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Oxford to Publish Previously Uncollected Correspondence of James Joyce

Released on May 6, 2013

Oxford University Press announces plans to publish a three-volume edition of the unpublished correspondence of James Joyce in the United States and Canada starting in 2016, along with a single-volume abridged edition aimed at an audience of general readers.  Currently, more than half of Joyce’s correspondence remains unpublished.

A team coordinated by Executive Editors Kevin J. H. Dettmar (Pomona College), Robert Spoo (University of Tulsa), and William S. Brockman (Penn State), will undertake the work of collecting, transcribing, and annotating the nearly 1,800 Joyce letters, postcards, and telegrams not previously published.

“Much of this correspondence came to light only after the three-volume standard edition Letters of James Joyce was completed in 1966,” noted Brendan O’Neill, Acquisitions Editor –Literature & Cinema for OUP USA.  “In addition to these more recently available letters, the editors are eager to make available previously overlooked correspondence whose significance has only become clear in the light of new critical approaches to Joyce’s writing. The unpublished letters offer new perspectives on Joyce, from family life to professional and business activities to his engagement with modernism to his role as a public figure.”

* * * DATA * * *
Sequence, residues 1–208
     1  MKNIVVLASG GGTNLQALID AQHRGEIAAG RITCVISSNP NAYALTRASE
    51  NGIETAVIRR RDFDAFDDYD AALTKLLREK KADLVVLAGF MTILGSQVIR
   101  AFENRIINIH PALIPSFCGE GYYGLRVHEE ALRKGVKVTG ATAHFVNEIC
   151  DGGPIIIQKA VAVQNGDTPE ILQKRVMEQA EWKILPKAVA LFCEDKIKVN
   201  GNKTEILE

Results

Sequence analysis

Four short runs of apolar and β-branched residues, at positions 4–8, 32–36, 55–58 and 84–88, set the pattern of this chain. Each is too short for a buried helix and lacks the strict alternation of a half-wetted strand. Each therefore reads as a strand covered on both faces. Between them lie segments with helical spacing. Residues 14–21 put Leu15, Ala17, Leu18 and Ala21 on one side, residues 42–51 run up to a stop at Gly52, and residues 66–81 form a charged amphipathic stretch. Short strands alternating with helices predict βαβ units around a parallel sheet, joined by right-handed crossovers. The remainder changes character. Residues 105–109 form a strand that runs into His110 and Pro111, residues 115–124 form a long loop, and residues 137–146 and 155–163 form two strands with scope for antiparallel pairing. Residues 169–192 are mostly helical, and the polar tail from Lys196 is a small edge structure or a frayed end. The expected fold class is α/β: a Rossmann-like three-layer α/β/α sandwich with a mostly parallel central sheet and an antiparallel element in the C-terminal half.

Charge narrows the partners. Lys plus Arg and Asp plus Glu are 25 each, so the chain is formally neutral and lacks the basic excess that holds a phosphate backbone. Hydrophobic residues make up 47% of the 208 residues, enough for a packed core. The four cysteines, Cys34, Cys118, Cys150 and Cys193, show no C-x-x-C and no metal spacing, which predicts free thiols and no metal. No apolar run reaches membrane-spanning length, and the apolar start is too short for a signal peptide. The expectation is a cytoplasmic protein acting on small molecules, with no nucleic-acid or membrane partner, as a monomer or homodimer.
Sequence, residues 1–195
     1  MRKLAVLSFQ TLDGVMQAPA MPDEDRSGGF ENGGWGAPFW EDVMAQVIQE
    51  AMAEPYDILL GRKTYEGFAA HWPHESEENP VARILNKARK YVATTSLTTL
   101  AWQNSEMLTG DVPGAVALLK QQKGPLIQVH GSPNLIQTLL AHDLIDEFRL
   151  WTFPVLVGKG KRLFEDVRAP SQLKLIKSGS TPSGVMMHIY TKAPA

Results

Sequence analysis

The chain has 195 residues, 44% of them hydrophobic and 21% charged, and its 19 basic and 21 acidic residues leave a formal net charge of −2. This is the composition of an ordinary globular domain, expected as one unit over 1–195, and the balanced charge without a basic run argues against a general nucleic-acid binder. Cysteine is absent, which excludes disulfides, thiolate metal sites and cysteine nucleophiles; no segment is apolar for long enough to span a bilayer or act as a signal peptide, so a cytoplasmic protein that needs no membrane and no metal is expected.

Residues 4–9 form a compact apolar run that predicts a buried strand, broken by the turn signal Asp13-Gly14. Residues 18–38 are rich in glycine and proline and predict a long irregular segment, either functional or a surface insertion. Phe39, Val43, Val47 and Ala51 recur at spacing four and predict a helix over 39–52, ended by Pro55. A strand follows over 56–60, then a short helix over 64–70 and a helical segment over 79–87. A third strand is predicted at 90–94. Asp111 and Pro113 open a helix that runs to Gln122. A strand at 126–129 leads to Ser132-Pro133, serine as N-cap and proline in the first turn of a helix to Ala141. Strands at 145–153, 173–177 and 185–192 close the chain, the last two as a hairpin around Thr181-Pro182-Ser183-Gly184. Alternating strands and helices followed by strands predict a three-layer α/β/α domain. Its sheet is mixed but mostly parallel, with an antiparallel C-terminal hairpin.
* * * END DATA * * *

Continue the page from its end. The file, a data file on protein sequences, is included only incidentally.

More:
Joyce did not engage in the public life of lectures, book reviews, and interviews; for the most part, the only first-person documentation of his work is found in his private communications. The correspondence offers insight from Joyce into his own work, and details of the complex business, financial, and artistic context in which Joyce wrote and published his work.

“His battles to preserve the integrity of his work and to see it into print are important components of how we know and read Joyce,” said O’Neill.  “Joyce’s letters are by turns cranky, self-doubting, self-righteousness, and manipulative. Yet the letters of this prose master also display a remarkable sense of humor, sympathy, beauty, whimsy, and love for family.”

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